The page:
EU strategy on plastic

In this context, in January this year the European Commission presented its Plastics Strategy, the regulatory framework that will guide the EU’s decisions on plastics and the environment in upcoming years. The framework does not yet consist of actual legislative proposals, which will be introduced subsequently through specific provisions or amendments to EU directives like the ones on waste or on packaging and packaging waste.

The starting point is a figure that gives pause for thought: every year, Europeans generate 25 million tons of plastic waste, but a little less than 30 per cent is collected to be recycled: the rest, in the best-case scenario, is destined for export and waste-to-energy plants, in the worst-case scenario, it ends up buried in landfills. The philosophy driving the European Commission was summarized by Frans Timmermans, the first vice president entrusted with sustainable development: «If we do not change the way we produce and use plastics, by 2050 there will be more plastic than fish in our oceans. We cannot live without plastics, but it can hurt us unless we change our policies. Banning plastics is impossible, but we must prevent it from continuing to reach the sea, our food and our bodies. The only long-term solution is to reduce plastic waste by recycling and reusing more».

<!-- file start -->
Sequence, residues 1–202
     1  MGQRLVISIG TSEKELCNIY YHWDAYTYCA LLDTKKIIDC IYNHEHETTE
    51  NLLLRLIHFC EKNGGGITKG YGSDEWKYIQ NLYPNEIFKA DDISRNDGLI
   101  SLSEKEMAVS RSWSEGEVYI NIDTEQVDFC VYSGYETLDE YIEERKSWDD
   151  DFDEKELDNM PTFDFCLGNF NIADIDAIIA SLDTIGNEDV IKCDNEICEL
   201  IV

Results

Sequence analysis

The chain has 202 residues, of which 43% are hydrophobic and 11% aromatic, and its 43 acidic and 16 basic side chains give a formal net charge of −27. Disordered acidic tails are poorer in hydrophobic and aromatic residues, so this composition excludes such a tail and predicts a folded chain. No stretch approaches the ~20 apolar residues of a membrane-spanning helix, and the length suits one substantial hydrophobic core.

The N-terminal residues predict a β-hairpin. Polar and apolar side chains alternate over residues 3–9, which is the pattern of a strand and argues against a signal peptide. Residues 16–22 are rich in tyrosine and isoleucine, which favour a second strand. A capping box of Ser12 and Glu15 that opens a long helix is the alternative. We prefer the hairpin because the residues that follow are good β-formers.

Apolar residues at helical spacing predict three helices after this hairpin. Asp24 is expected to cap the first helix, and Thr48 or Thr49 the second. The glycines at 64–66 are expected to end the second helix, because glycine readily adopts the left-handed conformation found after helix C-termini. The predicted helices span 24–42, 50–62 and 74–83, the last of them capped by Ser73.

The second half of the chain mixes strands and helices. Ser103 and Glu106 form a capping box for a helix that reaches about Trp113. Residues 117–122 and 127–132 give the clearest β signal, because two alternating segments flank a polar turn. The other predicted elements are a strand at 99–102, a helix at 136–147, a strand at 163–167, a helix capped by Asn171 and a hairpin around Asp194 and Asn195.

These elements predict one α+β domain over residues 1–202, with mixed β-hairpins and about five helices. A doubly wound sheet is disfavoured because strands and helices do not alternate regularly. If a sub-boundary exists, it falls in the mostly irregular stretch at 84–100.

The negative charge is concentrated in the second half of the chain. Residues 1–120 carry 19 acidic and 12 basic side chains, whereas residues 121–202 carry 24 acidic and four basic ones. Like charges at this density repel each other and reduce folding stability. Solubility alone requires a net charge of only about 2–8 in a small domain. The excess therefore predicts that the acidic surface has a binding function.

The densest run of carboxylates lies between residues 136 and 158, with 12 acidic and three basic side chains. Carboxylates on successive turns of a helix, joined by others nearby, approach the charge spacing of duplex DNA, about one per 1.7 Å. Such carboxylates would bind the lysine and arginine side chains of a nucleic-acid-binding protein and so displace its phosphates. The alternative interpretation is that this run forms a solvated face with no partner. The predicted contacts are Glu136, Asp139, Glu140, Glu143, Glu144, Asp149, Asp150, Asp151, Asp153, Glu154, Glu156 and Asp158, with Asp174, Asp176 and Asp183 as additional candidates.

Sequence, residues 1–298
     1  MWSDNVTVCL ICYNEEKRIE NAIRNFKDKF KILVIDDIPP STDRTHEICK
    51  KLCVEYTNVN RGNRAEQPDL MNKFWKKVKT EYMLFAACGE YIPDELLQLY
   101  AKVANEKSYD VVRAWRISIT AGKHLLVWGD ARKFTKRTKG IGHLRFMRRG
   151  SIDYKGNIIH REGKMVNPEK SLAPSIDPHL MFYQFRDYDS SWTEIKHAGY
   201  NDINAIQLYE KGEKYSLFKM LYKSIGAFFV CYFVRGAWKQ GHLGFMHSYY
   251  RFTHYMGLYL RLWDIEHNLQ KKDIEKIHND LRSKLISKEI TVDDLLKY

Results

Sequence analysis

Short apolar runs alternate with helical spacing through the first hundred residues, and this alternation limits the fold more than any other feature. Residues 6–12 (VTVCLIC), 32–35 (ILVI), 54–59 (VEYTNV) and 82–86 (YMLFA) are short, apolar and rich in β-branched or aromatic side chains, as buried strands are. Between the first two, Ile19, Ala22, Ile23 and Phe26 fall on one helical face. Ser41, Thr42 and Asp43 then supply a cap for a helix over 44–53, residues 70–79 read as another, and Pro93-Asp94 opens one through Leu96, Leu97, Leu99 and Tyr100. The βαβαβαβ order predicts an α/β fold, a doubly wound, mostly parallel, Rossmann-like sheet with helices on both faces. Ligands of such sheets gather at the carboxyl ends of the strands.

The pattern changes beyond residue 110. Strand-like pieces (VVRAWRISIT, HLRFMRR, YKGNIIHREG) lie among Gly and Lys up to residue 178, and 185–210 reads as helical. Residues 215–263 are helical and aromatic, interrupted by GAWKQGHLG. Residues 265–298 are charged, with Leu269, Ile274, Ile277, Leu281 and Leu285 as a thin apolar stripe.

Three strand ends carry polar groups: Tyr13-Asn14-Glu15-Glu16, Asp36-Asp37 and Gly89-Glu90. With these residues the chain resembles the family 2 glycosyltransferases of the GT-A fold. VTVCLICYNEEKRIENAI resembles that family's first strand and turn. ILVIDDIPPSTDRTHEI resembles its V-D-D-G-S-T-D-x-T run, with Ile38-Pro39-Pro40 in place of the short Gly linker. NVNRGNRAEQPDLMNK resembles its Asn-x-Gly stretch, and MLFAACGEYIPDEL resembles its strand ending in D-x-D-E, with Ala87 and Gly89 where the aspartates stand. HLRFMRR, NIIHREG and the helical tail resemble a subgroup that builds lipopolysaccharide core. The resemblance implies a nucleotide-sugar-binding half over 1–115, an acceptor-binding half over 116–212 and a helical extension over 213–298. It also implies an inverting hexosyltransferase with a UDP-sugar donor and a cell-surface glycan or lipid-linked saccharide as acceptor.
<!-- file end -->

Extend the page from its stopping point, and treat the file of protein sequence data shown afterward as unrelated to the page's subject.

To achieve this objective, the Commission aims at introducing a combination of incentives and restrictions. For example, it wants to incentivise the maritime sector to promote the collection of waste and fishing equipment in the ports, backed by subsidies to create suitable collection and disposal structures. Or, in addition, promote ecodesign in order to develop packages that are easier to recycle and reducing the variety of polymers, additives and pigments used by industry. The Commission also intends to review regulations on Extended Producer Responsibility (EPR), but at the same time it plans to boost resources destined for research and innovation, adding €100 million to the €150 million already set aside as part of the Horizon 2020 package. Innovation not only in recycling processes, but also in the development of biobased and biodegradable materials, however placing attention on not polluting conventional plastic recycling flows and creating quality standards also for this class of materials.

“Today we throw away 90 per cent of the value of plastic packaging, while only 5 per cent returns to circulate in our economy, and this makes no sense” Jyrki Katainen

 

More recycling capacity and shared standards